Braving the cold, the winter solstice – and missing the second game of the State of Origin series – some seventy people gathered in Sacred Heart Cathedral last night for the 2017 Cathedral Lecture. This year’s lecture, entitled Christian Faith in a Secular Age, was delivered by Rev Dr James McEvoy, Senior Lecturer in the School of Theology of Australian Catholic University and a priest of the Archdiocese of Adelaide.
Drawing on the work of Canadian philosopher Charles Taylor, and his book A Secular Age, McEvoy spoke about the reality of the contemporary age not as something to be resisted by those people of faith, as might have been the case during the ‘long nineteenth century’, but rather as a reality with which the Church, and all people of faith, are called to dialogue with. Drawing on the momentous document of the Second Vatican Council, Gaudium et Spes (the Pastoral Constitution on the Church in the Modern World), McEvoy posits that dialogue must be the normative attitude adopted by the Church. Facing a secular age calls not for retreat on the part of people of faith and the Church but for an active engagement, a preparedness to walk the journey with those who are seeking, those who are exploring, with an accompanying preparedness to learn from those with whom the journey is shared.
This is a radical change from the understanding of the Church’s role in society that was prevalent prior to the advent of the Second Vatican Council. The advent of the secular age is not a denunciation of religion and faith but a recognition of religion and faith is no longer the sole basis for ordering contemporary society. No longer is the Church – any church – able to impose its own understanding of ethics and order simply because it is the Church. The Church must now engage in conversation, in dialogue with society, culture and the contemporary world, and be prepared to convince rather than order. This change of approach requires a momentous change in both the Church’s self-understanding, and its commitment to mission. No longer is mission about the passing on of unalterable truths; mission must be about engagement and dialogue.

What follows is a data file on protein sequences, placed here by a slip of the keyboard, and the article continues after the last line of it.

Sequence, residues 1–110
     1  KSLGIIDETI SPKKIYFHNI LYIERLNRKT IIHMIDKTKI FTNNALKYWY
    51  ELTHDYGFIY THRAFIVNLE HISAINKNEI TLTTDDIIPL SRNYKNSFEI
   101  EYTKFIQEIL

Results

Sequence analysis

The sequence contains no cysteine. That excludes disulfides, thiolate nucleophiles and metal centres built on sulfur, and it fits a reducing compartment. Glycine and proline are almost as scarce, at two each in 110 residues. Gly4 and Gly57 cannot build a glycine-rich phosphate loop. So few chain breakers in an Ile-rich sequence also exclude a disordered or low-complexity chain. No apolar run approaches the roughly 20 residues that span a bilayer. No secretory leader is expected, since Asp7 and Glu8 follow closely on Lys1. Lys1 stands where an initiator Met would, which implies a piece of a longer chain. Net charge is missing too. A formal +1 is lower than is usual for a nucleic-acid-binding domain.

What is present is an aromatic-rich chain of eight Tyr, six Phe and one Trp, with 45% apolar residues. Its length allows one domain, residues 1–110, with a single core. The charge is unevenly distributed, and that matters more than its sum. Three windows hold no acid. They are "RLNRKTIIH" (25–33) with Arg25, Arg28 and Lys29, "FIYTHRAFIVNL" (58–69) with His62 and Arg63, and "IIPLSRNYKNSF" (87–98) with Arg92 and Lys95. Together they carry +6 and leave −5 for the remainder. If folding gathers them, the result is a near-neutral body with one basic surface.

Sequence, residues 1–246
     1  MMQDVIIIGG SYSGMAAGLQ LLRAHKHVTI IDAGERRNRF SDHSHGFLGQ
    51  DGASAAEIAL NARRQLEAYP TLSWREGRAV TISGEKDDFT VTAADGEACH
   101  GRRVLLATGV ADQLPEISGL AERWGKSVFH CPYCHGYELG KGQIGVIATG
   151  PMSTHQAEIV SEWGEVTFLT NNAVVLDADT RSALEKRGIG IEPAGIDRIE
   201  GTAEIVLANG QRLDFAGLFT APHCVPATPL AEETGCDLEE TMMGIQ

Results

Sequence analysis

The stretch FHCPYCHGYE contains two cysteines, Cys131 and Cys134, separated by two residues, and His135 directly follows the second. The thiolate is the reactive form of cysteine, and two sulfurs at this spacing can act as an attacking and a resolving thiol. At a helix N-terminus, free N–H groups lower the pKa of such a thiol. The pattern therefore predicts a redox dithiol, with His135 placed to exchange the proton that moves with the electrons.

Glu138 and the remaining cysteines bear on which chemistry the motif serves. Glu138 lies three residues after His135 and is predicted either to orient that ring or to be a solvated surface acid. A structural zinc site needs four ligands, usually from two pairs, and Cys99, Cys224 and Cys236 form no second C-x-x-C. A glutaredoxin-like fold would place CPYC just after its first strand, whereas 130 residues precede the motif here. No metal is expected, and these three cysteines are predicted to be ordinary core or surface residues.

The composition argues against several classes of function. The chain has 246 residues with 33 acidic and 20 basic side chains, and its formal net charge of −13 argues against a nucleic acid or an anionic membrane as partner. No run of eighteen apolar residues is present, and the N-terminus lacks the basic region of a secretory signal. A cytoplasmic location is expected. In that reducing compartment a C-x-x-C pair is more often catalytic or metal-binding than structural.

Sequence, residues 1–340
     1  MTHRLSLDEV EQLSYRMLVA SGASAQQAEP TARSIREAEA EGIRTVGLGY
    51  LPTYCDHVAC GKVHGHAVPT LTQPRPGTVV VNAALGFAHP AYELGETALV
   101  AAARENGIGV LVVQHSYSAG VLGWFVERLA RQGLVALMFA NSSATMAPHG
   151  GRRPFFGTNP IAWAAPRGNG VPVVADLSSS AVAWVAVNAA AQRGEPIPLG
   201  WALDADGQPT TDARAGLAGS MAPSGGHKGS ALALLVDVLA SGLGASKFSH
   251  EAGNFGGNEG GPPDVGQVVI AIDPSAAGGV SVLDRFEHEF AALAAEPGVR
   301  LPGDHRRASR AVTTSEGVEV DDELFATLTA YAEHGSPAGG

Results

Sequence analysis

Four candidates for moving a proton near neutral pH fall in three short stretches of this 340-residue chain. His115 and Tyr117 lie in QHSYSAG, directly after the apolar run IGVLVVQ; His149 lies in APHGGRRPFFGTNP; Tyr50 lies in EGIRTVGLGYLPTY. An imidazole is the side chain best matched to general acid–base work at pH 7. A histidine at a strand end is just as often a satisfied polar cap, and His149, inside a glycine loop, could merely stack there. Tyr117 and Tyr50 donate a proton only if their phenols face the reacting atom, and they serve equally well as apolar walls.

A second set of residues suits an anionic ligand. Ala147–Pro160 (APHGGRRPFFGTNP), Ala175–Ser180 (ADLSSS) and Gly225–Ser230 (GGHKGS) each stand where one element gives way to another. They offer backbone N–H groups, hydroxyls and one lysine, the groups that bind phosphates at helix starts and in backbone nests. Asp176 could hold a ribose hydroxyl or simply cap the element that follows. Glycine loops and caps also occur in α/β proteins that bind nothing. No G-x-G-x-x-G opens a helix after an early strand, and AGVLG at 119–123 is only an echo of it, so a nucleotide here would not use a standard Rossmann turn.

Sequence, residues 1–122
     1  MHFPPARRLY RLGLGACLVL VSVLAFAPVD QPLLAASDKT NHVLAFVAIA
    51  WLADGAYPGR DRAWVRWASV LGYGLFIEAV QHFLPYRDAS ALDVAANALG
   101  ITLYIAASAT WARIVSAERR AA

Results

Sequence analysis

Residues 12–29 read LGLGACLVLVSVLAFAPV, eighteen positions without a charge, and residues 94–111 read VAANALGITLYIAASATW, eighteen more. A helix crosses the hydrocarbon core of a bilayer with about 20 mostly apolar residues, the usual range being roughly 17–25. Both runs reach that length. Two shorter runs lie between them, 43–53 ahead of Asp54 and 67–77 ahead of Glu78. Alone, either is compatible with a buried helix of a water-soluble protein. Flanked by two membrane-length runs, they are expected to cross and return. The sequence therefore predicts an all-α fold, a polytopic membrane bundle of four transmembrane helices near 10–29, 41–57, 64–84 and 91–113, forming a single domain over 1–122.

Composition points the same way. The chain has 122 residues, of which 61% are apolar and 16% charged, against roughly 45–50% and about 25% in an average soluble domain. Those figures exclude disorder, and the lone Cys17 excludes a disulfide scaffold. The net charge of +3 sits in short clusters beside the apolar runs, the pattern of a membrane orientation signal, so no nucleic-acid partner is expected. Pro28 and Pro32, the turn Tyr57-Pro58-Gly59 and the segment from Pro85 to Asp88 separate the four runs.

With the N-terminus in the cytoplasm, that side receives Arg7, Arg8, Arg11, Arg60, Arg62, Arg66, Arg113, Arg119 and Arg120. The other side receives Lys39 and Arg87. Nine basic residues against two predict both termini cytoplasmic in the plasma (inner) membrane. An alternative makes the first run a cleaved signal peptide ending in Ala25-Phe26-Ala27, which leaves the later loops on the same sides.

Dr McEvoy encountered an appreciative audience for the 2017 Cathedral Lecture, as evidenced by the (all too short) question and answer session at the end of the lecture itself. The questions raised by McEvoy’s lecture are questions that must be faced by the Church in general and, particularly, by the Church in the Diocese of Maitland-Newcastle as it continues to seek to proclaim the Gospel of Jesus Christ in a secular and increasingly secularised society.
The annual Cathedral Lecture offers the opportunity for engagement between Church and Society on contemporary Catholic themes through the opportunity to listen and dialogue with lecturers of significant standing in Australia and internationally. The 2017 Cathedral Lecture has certainly contributed to the conversation and dialogue that is necessary in our contemporary world.
The text of the 2017 Cathedral Lecture by Rev Dr James McEvoy can be downloaded below: